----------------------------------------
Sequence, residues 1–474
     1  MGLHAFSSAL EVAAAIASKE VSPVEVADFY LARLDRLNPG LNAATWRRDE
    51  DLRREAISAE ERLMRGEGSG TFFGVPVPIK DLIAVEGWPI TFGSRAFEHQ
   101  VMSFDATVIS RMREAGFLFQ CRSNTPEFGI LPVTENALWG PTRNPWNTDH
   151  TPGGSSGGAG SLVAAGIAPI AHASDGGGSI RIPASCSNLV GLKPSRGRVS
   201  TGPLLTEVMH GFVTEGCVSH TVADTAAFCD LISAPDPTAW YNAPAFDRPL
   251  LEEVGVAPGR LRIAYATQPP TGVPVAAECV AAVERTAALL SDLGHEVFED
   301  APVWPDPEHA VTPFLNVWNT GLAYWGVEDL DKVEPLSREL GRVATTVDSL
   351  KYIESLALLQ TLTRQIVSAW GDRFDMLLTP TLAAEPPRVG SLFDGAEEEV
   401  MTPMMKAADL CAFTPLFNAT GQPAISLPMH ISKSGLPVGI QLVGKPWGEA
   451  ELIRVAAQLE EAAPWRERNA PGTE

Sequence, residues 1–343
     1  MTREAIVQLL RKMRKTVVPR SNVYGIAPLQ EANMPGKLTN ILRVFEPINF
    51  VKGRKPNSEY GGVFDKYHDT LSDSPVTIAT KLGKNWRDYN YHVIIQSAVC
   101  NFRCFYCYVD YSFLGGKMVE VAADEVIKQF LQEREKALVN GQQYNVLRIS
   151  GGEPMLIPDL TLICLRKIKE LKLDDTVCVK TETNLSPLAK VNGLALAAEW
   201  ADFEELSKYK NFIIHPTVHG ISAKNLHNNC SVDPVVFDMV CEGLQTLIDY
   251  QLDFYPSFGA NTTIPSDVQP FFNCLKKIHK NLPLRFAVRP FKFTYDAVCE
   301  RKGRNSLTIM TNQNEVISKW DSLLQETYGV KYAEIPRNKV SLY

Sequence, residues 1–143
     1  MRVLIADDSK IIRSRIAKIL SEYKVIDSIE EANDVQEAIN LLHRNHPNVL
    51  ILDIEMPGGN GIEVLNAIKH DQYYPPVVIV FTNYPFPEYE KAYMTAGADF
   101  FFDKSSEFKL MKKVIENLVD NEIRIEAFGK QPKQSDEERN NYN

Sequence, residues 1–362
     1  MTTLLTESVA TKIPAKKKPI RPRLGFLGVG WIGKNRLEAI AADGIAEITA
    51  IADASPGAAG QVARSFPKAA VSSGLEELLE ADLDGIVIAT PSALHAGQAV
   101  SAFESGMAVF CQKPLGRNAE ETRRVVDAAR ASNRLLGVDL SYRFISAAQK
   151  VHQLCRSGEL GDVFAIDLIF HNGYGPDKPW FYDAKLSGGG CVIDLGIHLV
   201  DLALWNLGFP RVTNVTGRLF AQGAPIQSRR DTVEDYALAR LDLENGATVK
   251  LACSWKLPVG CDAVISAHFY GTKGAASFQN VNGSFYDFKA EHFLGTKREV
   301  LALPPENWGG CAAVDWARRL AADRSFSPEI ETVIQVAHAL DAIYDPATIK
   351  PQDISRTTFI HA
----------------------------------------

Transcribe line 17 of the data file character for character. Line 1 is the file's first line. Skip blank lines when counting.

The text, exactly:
   201  ADFEELSKYK NFIIHPTVHG ISAKNLHNNC SVDPVVFDMV CEGLQTLIDY